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Spec clarification

 
Marcelo Ortega
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Eclipse IDE Hibernate Java
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The first line in point 4 on page 168 says:

The container can choose to passivate an entity bean instance within a transaction.


Within a transaction?
Entity beans use CMT, therefor a transaction cannot be left open. Having said this, being in a transaction would most probably mean that you are in the middle of a business method...
So the container can just stop the execution whenever it feels like it in the middle of a business method?

I know that for Stateful session beans the container will not passivate your bean if in a transaction. But i don't understand this for Entity beans.

Regards.
 
Ugender Rekulampally
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Marcelo,
I hope I understood the question correctly.

The spec is talking about may be more than one method involving in a transaction, not single method. If transaction executing for a single method, it won't stop in the middle.

So for entity beans, there won't be a guarantee that same client calls the same bean to execute/finish the transaction. So that is why, you can't leave a transaction open here, But in case of a stateful session bean, the same client going to come back for that bean so there is a guarantee to finish transaction even though this is highly not recommended.

Hope this helps.

Thanks,
Ugender
 
AmitKumar Jain
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But Ugender, entity bean is by default CMT and for a CMT bean, transaction lasts for a method only. How come then can it involve more than one method??
 
Vijay Gade
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This is what I'm thinking:

Based on the transaction attribute, it would be decided whether the transaction is restricted to a single method, or would propogate further. For example, if the transaction attribute of a method bar() is Mandatory, then this method would enforce the method calling this method, foo(), to be in a transaction. Thus, if bar() fails, so would foo().

Please correct me if I'm wrong.
 
Ugender Rekulampally
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Amit,
Assume below code is in Entity bean. and the addStock() and addEmp also in the same bean...




public void addAllData(String empID,String empName,String stockID,String stockName)
{
addStock(stockID,stockName);
addEmp(empID,empName,stockID);
}


addAllData is depending on two methods ...this kind of scenario I was thinking about..

Please add more details if I am missing something.

Thanks,
Ugender
 
AmitKumar Jain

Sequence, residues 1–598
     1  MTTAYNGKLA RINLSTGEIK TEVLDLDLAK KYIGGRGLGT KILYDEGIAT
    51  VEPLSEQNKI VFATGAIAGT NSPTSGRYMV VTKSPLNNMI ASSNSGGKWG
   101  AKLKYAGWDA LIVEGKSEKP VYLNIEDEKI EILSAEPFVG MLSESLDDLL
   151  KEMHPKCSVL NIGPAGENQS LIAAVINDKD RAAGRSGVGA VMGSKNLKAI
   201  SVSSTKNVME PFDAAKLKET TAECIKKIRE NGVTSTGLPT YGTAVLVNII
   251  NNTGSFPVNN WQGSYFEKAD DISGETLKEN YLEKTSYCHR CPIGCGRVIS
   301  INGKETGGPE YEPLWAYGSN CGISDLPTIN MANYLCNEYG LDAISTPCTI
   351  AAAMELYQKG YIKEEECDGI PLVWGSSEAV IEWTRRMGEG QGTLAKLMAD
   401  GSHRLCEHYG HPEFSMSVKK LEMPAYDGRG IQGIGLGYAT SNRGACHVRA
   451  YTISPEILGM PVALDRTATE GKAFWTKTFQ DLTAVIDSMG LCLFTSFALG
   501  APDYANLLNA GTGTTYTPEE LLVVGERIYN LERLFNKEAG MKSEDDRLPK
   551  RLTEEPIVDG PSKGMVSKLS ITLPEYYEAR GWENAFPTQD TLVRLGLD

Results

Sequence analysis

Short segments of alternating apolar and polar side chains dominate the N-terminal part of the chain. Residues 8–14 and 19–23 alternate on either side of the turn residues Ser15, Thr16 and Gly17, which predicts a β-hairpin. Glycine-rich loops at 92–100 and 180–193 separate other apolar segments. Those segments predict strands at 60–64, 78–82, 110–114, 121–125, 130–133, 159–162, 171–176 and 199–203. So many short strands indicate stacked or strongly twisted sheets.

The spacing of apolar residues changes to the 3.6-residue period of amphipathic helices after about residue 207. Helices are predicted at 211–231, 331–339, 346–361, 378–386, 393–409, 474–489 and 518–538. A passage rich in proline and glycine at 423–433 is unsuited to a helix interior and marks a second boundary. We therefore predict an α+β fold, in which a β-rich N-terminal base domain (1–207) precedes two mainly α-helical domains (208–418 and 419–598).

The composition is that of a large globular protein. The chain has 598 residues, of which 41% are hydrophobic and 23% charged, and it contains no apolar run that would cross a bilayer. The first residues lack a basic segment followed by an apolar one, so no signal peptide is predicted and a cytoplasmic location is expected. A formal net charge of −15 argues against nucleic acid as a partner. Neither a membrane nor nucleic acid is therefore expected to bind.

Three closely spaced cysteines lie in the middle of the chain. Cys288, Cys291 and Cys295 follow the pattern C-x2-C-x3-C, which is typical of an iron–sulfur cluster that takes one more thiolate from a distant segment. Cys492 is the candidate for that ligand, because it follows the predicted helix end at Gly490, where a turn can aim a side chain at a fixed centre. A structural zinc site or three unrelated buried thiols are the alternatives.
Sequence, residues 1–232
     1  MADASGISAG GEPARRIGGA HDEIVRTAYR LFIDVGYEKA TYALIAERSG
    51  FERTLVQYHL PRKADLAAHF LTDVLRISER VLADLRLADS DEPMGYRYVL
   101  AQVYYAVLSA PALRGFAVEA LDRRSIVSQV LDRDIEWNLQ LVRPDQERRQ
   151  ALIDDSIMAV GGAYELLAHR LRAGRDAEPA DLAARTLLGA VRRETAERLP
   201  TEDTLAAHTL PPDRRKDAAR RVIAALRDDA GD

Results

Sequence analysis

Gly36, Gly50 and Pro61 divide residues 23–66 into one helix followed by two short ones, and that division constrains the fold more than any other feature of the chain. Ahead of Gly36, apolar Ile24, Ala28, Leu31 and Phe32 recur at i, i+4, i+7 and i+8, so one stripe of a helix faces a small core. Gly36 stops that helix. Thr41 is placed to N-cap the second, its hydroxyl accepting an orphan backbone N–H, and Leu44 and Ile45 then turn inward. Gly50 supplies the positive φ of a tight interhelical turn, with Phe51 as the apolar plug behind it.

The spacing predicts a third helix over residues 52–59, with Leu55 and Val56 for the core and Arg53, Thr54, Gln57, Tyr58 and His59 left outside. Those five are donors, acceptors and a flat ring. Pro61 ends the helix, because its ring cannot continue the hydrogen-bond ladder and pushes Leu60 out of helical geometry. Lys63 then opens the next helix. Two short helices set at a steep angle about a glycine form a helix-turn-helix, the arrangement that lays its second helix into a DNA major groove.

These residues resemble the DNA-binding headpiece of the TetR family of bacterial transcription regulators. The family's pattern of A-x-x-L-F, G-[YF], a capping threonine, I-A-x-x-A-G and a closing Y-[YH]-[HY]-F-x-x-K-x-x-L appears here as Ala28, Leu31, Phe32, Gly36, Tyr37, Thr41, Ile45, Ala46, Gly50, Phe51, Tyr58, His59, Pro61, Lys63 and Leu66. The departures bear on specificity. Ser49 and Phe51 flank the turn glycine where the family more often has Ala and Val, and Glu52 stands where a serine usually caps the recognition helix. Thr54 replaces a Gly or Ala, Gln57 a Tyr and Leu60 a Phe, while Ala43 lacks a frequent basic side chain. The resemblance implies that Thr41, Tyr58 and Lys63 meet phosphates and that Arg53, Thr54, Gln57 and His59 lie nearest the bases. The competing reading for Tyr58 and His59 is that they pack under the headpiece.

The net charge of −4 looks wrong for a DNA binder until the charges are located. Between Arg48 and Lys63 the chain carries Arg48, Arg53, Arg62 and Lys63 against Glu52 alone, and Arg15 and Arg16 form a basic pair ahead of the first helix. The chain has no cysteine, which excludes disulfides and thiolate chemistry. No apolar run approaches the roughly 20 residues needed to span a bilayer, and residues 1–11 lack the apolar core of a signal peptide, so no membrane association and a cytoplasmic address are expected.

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Ugender,
I agree with your viewpoint.... infact I feel now that whats harm if I call any other bean's method(having Required attribute)... all will then run in same transaction.

As for passivation for entity beans is concerned, it is much different than session beans. For entity beans, container calls ejbStore before passivation and hence its state/data is updated in database. So there'l be no harm if it is passivated in a transaction. Whenever needed again, it can be activated and data can be loaded using ejbLoad

But in case of session beans, passivation means serialization or some similar mechanism to store the entire Session Bean Object to a persistent storage.

Now Im confused at this point here... can't the container can activate the session bean after passivation and continue the transaction?
 
Ugender Rekulampally
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Amit,
"But in case of session beans, passivation means serialization or some similar mechanism to store the entire Session Bean Object to a persistent storage.


Now Im confused at this point here... can't the container can activate the session bean after passivation and continue the transaction?"


Yes it does(session bean won't go into passivation mode if its in the middle of a transaction), but that is not the recommended way. I think atleast one reason is to not do that way is, Lets assume a client started a transaction and didn't finish it. And wants to finish in next call and some how client dies? that bean won't be passivated since that is in the transaction. So this is very complex and confusing scenario.

There may be more reasons to not to recommend that way.

Hope this helps a bit.

Ugender

[ August 09, 2006: Message edited by: Ugender Rekulampally ]
[ August 09, 2006: Message edited by: Ugender Rekulampally ]
 
cheenu Dev
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so does it means that you can have this scenario.

method1(){ - in tx (entity bean instance one serves it.)
- now passivates(in tx)
method2() - entity bean instance two serves it.
}
 
AmitKumar Jain
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Absolutely...
Entity beans while passivation are living objects with no client state.
Any other instance can take up the role once any other method is called.
 
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